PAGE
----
1 month ago - reblog — tagged : #reblogging again because it's relevant again #can't handle this #i need help getting through this week sigh #gpoy
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1 month ago - reblog — tagged : #also her french sucked ass and she gave up halfway through responding like 3 times #canada #politics #this fucking country
— Conservatives reject inquiry for murdered, missing aboriginal women
I was at Question Period on Tuesday and there were like 5 NDP & Liberal MPs in a row who asked for a PUBLIC inquiry, and all Kellie fucking Leitch (Minister for Status of Women) would say was 5 separate reiterations of
1 month ago - reblog — tagged : #loved them for 8 years will never stop #arctic monkeys #music #queue
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1 month ago - reblog — tagged : #fucking flawless queen oh my godDD #this dress is so gorgeous and flowy and amazing #lupita nyong'o
1 month ago - reblog — tagged : #bonita lawrence #enakshi dua #decolonizing antiracism
"In summary, critical race and postcolonial theory systematically erases Aboriginal peoples and decolonization from the construction of knowledge about “race,” racism, racial subjectivities, and antiracism. This has profound consequences. It distorts our understanding of “race” and racism, and of the relationship of people of color to multiple projects of settlement. It posits people of color as innocent in the colonization of Aboriginal peoples. Left unaddressed is the way in which people of color in settler formations are settlers on stolen lands. It ignores the complex relationships people of color have with settler projects. Although marginalized, at particular historical moments they may have been complicit with ongoing land theft and colonial domination of Aboriginal peoples. It distorts our writing of history; indeed, the exclusion of Aboriginal people from the project of antiracism erases them from history."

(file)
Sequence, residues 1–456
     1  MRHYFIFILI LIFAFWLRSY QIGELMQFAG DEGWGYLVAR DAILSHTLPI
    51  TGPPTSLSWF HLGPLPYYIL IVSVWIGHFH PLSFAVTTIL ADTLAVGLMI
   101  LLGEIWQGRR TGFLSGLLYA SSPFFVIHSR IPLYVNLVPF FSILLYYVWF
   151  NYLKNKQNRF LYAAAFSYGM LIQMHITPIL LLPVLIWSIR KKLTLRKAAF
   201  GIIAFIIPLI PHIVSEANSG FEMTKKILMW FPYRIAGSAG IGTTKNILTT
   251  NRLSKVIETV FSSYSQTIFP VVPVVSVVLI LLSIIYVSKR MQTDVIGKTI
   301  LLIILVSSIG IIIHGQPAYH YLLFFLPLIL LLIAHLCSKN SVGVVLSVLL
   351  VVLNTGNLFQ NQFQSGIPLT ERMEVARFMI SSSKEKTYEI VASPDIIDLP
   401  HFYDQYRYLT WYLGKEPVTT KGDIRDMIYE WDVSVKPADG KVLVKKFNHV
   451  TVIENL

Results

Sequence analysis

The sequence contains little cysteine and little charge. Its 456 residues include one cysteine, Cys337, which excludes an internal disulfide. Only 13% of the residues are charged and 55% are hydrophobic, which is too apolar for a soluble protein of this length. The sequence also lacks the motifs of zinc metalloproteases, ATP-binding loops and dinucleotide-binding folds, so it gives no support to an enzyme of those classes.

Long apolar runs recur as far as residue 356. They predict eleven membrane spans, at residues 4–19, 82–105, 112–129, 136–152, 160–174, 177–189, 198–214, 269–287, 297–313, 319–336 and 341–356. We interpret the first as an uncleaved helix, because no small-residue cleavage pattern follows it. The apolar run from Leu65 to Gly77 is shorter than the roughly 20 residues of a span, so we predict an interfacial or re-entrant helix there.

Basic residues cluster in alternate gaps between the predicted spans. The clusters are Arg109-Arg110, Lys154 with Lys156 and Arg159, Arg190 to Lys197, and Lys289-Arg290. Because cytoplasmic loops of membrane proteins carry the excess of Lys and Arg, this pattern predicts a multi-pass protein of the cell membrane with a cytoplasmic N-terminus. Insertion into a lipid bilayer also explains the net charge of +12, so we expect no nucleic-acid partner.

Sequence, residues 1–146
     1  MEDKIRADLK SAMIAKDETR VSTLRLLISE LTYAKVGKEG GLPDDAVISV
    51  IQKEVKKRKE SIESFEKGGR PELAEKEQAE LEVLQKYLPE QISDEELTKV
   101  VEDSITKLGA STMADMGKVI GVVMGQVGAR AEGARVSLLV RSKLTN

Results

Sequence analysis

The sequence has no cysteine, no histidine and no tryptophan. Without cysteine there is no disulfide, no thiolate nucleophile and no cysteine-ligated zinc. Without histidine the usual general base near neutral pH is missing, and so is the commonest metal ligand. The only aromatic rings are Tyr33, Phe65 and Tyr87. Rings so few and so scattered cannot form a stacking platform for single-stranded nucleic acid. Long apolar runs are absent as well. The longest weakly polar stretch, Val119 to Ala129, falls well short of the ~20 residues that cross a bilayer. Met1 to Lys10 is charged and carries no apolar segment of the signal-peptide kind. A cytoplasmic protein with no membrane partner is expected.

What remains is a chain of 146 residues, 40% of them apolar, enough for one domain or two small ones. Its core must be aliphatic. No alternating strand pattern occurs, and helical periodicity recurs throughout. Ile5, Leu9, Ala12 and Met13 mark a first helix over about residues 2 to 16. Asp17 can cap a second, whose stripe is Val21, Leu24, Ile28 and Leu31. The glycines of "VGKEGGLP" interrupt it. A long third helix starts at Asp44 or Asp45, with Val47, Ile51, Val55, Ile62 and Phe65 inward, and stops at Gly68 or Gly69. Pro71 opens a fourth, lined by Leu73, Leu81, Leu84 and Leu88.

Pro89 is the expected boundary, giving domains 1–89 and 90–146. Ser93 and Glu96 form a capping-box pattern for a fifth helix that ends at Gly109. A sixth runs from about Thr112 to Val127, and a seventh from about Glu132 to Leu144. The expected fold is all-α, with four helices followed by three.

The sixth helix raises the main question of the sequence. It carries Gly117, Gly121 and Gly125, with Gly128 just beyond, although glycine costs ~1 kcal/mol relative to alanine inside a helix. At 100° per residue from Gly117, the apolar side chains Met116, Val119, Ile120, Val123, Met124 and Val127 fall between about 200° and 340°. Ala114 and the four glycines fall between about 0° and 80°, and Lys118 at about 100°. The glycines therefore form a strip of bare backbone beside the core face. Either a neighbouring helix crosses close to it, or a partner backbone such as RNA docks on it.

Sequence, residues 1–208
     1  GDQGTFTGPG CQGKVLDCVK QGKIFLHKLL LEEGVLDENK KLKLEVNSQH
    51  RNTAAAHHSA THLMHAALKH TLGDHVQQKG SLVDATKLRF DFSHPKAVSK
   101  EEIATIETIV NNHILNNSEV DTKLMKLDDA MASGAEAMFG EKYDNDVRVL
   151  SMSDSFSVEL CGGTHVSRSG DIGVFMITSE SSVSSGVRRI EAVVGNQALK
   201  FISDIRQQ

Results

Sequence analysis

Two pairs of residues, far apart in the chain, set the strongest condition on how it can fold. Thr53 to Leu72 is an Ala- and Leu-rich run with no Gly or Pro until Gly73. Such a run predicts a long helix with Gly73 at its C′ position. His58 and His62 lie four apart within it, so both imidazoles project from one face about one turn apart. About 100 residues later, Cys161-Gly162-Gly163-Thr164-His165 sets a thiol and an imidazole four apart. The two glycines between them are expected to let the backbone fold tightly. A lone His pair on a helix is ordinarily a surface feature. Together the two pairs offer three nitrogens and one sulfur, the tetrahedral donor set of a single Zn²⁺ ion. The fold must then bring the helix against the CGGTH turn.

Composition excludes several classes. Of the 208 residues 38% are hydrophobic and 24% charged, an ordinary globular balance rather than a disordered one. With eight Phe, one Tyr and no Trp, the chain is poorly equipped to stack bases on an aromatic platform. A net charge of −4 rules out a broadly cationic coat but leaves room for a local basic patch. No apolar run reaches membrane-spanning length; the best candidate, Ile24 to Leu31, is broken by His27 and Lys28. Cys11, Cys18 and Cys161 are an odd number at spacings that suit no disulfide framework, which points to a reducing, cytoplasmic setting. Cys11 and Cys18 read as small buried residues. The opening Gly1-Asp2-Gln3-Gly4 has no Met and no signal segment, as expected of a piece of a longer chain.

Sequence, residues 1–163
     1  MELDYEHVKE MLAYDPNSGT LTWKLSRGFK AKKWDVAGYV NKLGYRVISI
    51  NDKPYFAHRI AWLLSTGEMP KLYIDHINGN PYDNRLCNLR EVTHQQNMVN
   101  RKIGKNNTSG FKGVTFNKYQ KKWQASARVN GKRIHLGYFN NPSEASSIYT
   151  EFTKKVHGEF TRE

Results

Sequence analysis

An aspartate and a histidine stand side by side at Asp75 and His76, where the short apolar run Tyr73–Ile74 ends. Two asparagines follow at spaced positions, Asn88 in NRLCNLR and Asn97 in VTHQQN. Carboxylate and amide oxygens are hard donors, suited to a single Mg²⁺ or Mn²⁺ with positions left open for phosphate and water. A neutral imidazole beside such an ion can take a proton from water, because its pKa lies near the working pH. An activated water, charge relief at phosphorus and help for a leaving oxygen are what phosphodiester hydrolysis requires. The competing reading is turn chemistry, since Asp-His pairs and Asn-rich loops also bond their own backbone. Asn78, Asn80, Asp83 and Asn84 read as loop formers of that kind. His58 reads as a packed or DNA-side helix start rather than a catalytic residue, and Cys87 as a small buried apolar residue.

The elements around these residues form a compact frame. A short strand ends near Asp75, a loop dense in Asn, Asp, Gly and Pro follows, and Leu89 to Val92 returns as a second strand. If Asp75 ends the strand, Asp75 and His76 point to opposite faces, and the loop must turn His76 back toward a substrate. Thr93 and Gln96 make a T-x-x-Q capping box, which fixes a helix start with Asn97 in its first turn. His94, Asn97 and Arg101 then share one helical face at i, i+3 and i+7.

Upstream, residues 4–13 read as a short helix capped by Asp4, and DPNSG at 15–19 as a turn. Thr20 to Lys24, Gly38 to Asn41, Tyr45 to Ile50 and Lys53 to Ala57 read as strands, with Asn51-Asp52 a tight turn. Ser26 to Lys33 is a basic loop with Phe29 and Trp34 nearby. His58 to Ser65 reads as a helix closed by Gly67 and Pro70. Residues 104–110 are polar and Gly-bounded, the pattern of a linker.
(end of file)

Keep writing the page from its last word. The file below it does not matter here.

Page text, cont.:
Bonita Lawrence and Enakshi Dua, “Decolonizing Antiracism”
I’ve discussed this issue before on my weekly podcast with unapologetically-yellow, but I’m revisiting this amazing piece by Bonita Lawrence and Enakshi Dua now after watching a great anti-racism advocate that I follow erase indigenous struggles yet again. It’s disturbing for me because despite ostensible calls for solidarity and a passion for social justice, anti-racism advocates and both critical race and postcolonial theorists perpetually overlook and erase the struggles of native peoples. The word “post-colonial” in and of itself is problematic because it ignores the fact indigenous peoples in the Americas are still undergoing colonization and being subjected to genocide. When we erase native struggles as social justice advocates, we are being complicit in the ongoing colonization and genocide of native peoples whom our settler-colonial states ultimately want to “disappear”— from our public discourse and ultimately from our world as well.
We also ignore our complicity as non-native people of color (along with white people) in this ongoing process of colonization and genocide with our very presence on indigenous lands. We forget historical facts like the Buffalo Soldiers, black soldiers for the US army who actively worked to dispossess native peoples of their lands in the West. We forget the “resounding silence” from suffragists, abolitionists, labor leaders and other incredible activists like Frederick Douglass around land theft and native genocide. We forget the unspoken assumption in “40 Acres and a Mule,” in which little discussion was made of whom those 40 acres originally belonged to. We forget that the same week that President Lincoln signed the Emancipation Proclamation, he also ordered the largest mass hanging in U.S. history of 38 Sioux Native Americans for rebelling in Minnesota.